Years Of Bad Publicity Finally Catching Up To Travis Kalanick and Uber

From the travel ban to sexism to strikes, Uber's been stepping in it all year

Tech bro — AFP/Getty Images
Feb 23, 2017 at 5:58 PM ET

In the pantheon of exalted tech companies, Uber has never been the darling among its users the way Apple and Google are. The manner in which Uber customers download the app can often be described as reluctant; they’re lured in by the unquestionable convenience and ease of the service, but many customers ultimately feel guilty about it given the company’s questionable labor practices and strong-arm market-entry tactics.

This fragile customer relationship is why Uber cannot afford major public relations problems, and yet the company has suffered them one after another in 2017. First came the ill-advised decision to send Uber drivers to JFK airport after New York City cab drivers boycotted over Donald Trump’s equally ill-advised travel ban, then came accusations of rampant sexism from a former employee who claims Uber made life hell for her after she tried to blow the whistle. Now, more women are coming forward to accuse the company of the same as anti-Uber sentiment builds.

Angry customers launched the hashtag #DeleteUber on the night of the travel ban, which led to more than 200,000 people deleting their Uber accounts, according to some estimates. The incident has led to a steady drumbeat of #DeleteUber on Twitter ever since, and the sexism accusations have led to another spike in its use, in addition to a strike today by women and people of color at tech companies to protest the misogynistic, straight white male culture tech companies generally.

Uber’s attempts to quell the backlash have fallen flat in part because CEO Travis Kalanick’s brash behavior has long reinforced criticism of his and the company’s politics, which stand in direct contrast to those of many of the company’s customers who live in liberal urban cities. That Uber and Kalanick didn’t foresee the repercussions of breaking the JFK cab boycott — or worse yet, thought a few extra rides would be worth said repercussions — speaks to the company’s disconnect from its customers and its singular pursuit of market domination.

Kalanick’s spot on Trump’s economic advisory board was one of many casualties of the JFK airport incident. He stepped down after initially resisting because, according to him, it was best if he was available to guide the president, for the good of the nation. But this is a tough sell to a public that’s been saturated with his oft-mentioned admiration for Ayn Rand and the virtues of self-advancement.

In the wake of the recent sexism accusations, Uber hired Obama’s attorney general Eric Holder to conduct an “independent investigation” into the company’s corporate culture. Hiring a big name to investigate is a common public relations ploy to convey Uber’s seriousness, but this too will fail if the investigation leads to a generic report that tepidly acknowledges the problem and then heartily pats the company on the back for the moves it’s made to combat it.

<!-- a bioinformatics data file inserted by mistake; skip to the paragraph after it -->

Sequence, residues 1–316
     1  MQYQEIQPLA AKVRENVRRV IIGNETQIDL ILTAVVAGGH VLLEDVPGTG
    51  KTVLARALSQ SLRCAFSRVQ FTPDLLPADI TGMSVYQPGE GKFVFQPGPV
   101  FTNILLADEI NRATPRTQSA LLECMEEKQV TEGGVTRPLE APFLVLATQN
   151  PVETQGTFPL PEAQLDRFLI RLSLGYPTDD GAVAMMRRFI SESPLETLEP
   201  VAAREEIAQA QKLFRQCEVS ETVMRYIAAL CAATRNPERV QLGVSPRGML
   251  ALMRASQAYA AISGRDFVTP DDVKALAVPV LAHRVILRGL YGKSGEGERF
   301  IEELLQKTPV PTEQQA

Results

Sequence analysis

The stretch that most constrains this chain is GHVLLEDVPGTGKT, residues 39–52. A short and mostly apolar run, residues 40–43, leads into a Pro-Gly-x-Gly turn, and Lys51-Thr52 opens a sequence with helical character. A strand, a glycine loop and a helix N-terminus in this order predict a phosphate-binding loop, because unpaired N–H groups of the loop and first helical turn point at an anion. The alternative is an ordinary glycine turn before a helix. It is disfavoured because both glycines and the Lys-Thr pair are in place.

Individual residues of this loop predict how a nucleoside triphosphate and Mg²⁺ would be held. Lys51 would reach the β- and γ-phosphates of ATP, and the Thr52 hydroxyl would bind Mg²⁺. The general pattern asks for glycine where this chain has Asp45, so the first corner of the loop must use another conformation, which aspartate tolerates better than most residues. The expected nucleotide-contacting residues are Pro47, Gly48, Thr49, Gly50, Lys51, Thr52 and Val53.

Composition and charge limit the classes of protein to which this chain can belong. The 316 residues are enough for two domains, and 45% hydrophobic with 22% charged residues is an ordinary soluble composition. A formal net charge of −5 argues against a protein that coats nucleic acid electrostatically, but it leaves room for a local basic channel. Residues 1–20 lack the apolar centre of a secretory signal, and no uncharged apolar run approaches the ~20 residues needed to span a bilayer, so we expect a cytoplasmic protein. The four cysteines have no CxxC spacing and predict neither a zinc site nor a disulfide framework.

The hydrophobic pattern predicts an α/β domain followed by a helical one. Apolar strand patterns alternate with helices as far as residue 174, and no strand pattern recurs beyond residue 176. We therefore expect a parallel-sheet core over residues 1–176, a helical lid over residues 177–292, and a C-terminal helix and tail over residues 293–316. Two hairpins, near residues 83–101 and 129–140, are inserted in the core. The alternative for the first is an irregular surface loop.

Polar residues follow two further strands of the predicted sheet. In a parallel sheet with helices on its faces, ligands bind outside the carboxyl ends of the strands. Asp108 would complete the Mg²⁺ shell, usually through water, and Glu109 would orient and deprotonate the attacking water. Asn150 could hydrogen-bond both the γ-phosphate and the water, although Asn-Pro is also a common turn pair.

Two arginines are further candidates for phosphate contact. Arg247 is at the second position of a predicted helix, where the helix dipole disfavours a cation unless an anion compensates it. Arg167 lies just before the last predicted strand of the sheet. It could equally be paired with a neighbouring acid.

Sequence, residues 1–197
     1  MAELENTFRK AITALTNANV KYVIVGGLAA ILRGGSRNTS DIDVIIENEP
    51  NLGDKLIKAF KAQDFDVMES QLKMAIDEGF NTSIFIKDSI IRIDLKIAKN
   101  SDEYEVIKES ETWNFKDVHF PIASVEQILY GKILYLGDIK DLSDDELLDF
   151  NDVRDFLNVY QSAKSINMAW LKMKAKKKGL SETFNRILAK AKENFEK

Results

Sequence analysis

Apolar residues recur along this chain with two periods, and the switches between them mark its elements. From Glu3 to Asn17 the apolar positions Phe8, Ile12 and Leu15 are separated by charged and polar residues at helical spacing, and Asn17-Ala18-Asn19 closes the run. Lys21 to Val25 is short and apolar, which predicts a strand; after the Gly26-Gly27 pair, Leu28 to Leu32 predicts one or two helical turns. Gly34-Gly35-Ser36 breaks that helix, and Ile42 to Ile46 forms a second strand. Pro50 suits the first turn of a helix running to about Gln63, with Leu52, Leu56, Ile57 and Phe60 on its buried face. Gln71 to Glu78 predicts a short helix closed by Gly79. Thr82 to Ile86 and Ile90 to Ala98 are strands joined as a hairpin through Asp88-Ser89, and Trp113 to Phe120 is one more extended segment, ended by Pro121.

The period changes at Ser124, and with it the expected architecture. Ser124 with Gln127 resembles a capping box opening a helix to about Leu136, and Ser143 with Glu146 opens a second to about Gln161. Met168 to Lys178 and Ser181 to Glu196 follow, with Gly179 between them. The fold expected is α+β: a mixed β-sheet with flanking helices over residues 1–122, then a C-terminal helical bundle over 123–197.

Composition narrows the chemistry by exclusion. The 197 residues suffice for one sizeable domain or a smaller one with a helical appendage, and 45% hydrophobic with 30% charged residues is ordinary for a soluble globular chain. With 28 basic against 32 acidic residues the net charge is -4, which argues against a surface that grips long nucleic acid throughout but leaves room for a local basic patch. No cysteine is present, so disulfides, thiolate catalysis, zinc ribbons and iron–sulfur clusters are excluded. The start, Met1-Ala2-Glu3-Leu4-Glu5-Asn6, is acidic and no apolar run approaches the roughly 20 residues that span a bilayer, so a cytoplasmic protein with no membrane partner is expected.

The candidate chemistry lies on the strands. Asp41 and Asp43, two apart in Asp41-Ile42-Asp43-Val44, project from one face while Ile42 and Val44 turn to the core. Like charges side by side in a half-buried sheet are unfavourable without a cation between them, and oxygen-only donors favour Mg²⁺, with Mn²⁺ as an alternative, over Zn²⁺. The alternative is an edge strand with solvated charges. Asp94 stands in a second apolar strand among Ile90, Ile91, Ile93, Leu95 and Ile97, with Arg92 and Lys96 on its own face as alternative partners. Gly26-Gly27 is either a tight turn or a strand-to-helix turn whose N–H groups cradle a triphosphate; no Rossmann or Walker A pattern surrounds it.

Uber’s troubles couldn’t have come at a worse time. In addition to having botched what would have been a highly lucrative entry into China, the company has been shedding money by the billions, with some analysts saying it’s losing money faster than any tech company in history, although it is partly by design.

Uber has been lowering prices in hopes of chasing its competitors out of the market. With a ton of venture capital cash in the bank, it can cover its huge losses over the short-term and then potentially raise prices back to levels that allow it to be profitable after it has an even larger share of the market. Amazon used a similar strategy for years, but massive defections from Uber would turn this strategy into a complete disaster.

Perhaps smelling blood, Lyft, Uber’s primary competitor, announced today it was entering 54 new cities. Having released a statement condemning the travel ban, Lyft wants to be seen as Uber with better labor politics (whether that’s true or not is debatable), and it could certainly position itself as the beneficiary of an Uber disaster by having more or less the same service, but with a softer public persona.

The dirty secret to everybody is that male-dominated tech culture has always been just as destructive, racist, and misogynistic as Wall Street culture; they just wear hoodies and turtlenecks instead of suits and have a ping pong table in the break room. This misconception serves tech companies well from a public relations standpoint, and if the backlash to Uber swells to the point that Lyft becomes the market leader, Kalanick will have gone down in flames for not going along with it.